Let's face it, this was bound to happen.
Lamar Odom was destined to be found fighting for his life at some point. Some are surprised that it happened so soon after his NBA career went south. After all, it wasn't long ago that he was creating matchup nightmares on court with his unlikely combination of length and skills.
But those who know the former Laker's life story know that tragedy was imminent for him. He had been dodging the bullet since the day he was born, watching those around him fall one after the other. For 30 odd years, he kept his composure while his grief kept on piling up. In a way, it is actually miraculous how he made it this far.
Born amid poverty in one of the toughest neighborhoods in Queens, Odom's father was a heroin addict and mother was a cancer patient who passed away before he even hit his teenage years. He was raised by his grandmother and found solace in basketball. His natural talent meant that excellence on court was never a problem for the rangy Odom. It's what went outside that troubled him the most.
On multiple occasions during his college career he faced controversies that could've ended his basketball dream. NCAA forced UNLV to kick him out after officials learned Odom not only cheated in his ACT exam but also received illegal payments from a university representative to play for them.
He still found his way to the NBA via the University of Rhode Island and blossomed into an All-Star caliber player. When he signed with the Lakers in 2004, the fans saw his trademark cheek-to-cheek smile and awesome ball-handling skills. What they didn't know was he had buried his grandma that same year.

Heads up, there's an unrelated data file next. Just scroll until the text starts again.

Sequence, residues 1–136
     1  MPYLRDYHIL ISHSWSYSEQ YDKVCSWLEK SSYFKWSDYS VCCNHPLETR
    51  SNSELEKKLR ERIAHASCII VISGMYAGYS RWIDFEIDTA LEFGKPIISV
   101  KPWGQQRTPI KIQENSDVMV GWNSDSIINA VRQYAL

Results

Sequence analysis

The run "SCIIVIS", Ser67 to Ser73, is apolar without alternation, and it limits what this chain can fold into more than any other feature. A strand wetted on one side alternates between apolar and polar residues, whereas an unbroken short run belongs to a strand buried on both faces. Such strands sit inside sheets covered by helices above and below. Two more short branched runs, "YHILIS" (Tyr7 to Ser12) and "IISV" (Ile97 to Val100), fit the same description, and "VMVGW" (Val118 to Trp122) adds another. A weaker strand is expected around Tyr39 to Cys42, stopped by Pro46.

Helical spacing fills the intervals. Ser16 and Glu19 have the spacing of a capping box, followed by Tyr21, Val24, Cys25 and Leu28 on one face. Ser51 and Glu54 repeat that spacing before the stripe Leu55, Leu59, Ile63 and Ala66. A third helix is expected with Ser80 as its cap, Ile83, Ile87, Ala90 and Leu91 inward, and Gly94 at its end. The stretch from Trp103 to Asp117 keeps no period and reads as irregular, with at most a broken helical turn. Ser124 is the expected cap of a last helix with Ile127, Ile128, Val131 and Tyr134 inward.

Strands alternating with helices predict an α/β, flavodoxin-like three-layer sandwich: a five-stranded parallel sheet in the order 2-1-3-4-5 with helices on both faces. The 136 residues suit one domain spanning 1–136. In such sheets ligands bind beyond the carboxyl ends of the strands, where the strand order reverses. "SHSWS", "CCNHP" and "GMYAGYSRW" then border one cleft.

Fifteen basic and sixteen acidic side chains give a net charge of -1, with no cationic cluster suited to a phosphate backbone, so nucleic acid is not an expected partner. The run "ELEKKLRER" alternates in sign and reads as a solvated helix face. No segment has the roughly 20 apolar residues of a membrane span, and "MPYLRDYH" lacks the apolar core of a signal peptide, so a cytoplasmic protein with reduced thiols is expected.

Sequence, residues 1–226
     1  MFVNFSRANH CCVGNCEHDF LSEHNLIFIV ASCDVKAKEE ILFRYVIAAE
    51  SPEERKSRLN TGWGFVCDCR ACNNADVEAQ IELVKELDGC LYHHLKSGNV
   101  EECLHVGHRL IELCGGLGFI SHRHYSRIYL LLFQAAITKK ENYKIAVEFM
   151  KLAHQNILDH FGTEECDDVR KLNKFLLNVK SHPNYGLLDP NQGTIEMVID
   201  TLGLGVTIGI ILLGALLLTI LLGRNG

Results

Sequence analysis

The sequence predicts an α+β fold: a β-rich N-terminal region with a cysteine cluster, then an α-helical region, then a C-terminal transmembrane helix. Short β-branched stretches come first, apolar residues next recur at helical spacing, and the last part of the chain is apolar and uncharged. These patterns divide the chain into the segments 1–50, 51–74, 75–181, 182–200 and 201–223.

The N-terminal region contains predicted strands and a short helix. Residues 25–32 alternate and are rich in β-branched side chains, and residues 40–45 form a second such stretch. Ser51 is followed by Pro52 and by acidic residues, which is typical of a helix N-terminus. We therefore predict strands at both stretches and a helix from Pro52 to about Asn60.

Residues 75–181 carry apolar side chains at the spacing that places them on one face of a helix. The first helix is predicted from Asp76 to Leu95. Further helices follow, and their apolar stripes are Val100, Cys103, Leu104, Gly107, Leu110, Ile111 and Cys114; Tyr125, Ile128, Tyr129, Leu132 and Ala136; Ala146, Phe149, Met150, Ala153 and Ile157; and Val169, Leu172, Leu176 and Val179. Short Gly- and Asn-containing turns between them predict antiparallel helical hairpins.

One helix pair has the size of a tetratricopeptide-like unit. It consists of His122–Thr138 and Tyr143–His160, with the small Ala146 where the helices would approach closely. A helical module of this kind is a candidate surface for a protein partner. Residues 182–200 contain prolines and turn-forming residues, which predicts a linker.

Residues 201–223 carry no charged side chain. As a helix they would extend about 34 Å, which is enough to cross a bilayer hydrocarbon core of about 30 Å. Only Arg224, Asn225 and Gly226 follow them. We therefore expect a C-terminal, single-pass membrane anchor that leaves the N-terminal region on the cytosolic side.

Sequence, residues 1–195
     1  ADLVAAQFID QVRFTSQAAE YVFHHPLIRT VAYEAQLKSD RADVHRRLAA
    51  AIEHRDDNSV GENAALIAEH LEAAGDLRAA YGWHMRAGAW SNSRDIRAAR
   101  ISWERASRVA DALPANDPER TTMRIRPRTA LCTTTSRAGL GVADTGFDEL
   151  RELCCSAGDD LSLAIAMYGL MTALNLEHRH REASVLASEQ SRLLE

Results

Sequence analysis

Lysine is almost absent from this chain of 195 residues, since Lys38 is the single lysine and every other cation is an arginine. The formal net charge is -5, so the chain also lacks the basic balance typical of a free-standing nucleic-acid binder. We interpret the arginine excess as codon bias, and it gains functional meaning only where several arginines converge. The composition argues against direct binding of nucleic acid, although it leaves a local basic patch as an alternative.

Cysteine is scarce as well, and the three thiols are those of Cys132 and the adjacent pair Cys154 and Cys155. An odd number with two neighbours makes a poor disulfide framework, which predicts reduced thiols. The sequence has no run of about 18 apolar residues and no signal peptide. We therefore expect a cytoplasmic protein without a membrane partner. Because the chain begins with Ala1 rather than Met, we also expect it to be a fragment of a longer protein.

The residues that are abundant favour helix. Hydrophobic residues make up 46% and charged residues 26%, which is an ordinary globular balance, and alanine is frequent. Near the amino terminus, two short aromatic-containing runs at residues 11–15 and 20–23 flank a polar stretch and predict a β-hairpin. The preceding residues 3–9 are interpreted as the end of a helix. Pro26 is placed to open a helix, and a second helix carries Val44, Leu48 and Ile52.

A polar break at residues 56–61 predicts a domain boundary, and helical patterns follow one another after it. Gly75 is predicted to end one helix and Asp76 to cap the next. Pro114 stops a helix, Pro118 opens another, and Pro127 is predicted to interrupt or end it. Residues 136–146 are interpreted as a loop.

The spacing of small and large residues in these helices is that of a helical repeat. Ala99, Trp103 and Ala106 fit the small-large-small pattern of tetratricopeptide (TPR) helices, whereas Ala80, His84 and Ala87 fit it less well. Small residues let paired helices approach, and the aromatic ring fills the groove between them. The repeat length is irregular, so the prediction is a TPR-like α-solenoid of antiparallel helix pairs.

Two years later, he lost his infant son Jayden to Sudden infant death syndrome (SIDS). Then in 2011, his cousin was murdered and a day later he was a passenger in a car crash that resulted in the death of a pedestrian.
More tragedy awaited him in 2015. In June, his childhood friend Jamie Sangouthai died from a rare flesh-eating bacteria caused by drug use. And all these deaths are only the ones that made it to the media. Odom once said there were several more aunts and uncles whose deaths he had to deal with.
In Odom's own words: "Death always seems to be around me. I've been burying people for a long time. When I had to bury my child, I probably didn't start grieving until a year and a half later.
"I think the effects of seeing [my cousin] die and then watching this kid die, it beat me down. I consider myself a little weak. I thought I was breaking down mentally. I'm doing a lot of reflecting."
In the midst of all this, of course, was a celebrity marriage that put his life up for examination on reality TV; his alleged drug use and failing marriage were splashed all over TV and tabloids.
Perhaps, it was basketball that kept him together all those years of deaths. He had been a part of the Lakers' family for seven years and got along incredibly well with Kobe Bryant and childhood friend Ron Artest, now Metta World Peace.
In 2011, he was traded to the Dallas Mavericks against his wishes and that's when his basketball career went awry too. Neither the Mavs nor the Clippers or the Knicks could revive Odom. For the first time, the signs of his tragedies were showing in his game. Four years and a couple of comebacks later, he was out of the league with no takers. He hadn't announced his retirement but it was clear that his internal destruction had reached a point where he was no longer useful for a professional basketball team.
It's easier to label Odom as one of many sports stars who had it all and threw it all away but that wouldn't be a fair assessment in light of the things he had to deal with. Odom's fall from grace is an American tragedy. It's the defeat of a system that needs to review itself.
It's also easy to criticize the likes of him, Dennis Rodman or Mike Tyson, but only they had to face the things they did in their formative years. Until all youths get an equal opportunity and an idyllic rearing, the media has no business judging how they turn out later in life.